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Gustation and Olfaction

            Gustation and olfaction, better known as taste and smell, are chemical senses. Their receptors are sensitive to chemical molecules, which differ from the other senses that detect forms of energy. Gustation and olfaction are intertwined. Referred to as a "common chemical sense," both must simultaneously activate in order for stimuli to be fully tasted and assessed. The little knobs along the tongue's surface are papillae, divided into fungiform and filiform types on the front half, and foliate and vallate types on the back half. The human tongue has around 9000 taste buds, clustered within the papillae, which act as receptors for taste. The taste buds are concentrated along the edges and back surface of the tongue, in the roof and back of the mouth. They are sensitive to the qualities of sweet, sour, salty and bitter, and are arranged in different areas according to which taste sensation they are most sensitive towards. .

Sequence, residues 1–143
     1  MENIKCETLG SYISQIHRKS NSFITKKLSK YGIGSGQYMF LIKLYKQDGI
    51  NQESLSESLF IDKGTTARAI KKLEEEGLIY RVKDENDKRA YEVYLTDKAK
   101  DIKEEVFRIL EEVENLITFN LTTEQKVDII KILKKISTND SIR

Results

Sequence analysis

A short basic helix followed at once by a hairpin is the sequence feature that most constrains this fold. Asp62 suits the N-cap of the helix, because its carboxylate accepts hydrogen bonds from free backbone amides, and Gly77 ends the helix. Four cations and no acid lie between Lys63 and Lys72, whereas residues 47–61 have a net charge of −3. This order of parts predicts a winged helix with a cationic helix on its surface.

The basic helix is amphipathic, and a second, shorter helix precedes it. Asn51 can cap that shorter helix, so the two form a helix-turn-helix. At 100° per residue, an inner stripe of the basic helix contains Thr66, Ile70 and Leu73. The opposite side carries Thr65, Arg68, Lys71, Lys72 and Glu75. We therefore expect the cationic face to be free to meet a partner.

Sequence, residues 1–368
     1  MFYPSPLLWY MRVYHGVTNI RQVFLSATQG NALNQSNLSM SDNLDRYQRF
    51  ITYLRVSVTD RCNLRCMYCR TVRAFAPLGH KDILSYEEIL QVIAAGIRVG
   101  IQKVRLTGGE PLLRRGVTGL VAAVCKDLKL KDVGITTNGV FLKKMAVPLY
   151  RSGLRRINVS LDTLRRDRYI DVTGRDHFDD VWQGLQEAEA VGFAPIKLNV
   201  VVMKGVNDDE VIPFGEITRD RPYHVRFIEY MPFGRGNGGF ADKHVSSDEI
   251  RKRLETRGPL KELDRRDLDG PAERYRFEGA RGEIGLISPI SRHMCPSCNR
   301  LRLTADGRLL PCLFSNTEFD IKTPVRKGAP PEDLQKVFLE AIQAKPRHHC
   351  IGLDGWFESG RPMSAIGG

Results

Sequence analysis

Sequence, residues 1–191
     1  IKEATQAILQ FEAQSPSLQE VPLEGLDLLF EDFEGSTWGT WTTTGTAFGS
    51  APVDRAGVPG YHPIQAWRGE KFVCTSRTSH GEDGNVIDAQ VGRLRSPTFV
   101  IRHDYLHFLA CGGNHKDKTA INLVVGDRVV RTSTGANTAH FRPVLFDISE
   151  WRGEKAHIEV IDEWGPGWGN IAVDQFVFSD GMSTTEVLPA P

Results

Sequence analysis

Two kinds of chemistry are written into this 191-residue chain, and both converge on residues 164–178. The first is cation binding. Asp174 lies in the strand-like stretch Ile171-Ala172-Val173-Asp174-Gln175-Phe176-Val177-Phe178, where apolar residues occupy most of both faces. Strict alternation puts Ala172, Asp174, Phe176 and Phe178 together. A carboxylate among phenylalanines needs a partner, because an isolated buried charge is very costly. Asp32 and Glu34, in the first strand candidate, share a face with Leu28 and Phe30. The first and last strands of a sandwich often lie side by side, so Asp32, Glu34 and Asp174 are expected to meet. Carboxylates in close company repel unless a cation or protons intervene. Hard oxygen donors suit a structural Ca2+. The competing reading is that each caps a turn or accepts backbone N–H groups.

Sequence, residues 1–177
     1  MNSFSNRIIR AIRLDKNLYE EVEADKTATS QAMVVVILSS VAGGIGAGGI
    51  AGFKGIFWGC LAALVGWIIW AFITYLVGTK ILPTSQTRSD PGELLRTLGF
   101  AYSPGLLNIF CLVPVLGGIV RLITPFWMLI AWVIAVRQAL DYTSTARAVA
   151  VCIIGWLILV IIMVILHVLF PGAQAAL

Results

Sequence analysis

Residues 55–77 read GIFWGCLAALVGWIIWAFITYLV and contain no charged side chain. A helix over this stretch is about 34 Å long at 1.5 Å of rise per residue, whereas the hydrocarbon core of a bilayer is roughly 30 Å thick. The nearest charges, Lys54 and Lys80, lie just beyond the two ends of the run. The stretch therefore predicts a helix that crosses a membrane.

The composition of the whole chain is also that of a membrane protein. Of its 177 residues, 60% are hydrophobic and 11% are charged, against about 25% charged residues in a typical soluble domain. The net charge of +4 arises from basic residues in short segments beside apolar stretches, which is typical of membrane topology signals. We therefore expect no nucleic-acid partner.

When something enters the mouth, its chemicals are dissolved by the saliva, and the free-floating molecules enter the taste bud through a pore in its centre. If the molecule binds to the tip of a receptor cell, it will excite that cell into issuing a series of chemical and electrical signals. Across the cell membrane, electrically charged sodium ions pass in, and potassium ions pass out. As the interior of the cell grows progressively more positively charged, it sets up a small electric current that triggers more intercellular messages. A message, signalling the particular taste sensation, is passed to the brain. .
             A simple map of the tongue will group buds detecting sweetness on the tongue's tip, sourness along the sides, bitterness across the back and saltiness beside the sweet ones. This simple map is orderly and easy to understand, but not very accurate. This is because there are taste buds all throughout the oral cavity and any bud is capable of detecting all the basic tastes; it's just that some are more sensitive to a particular taste than to the others.

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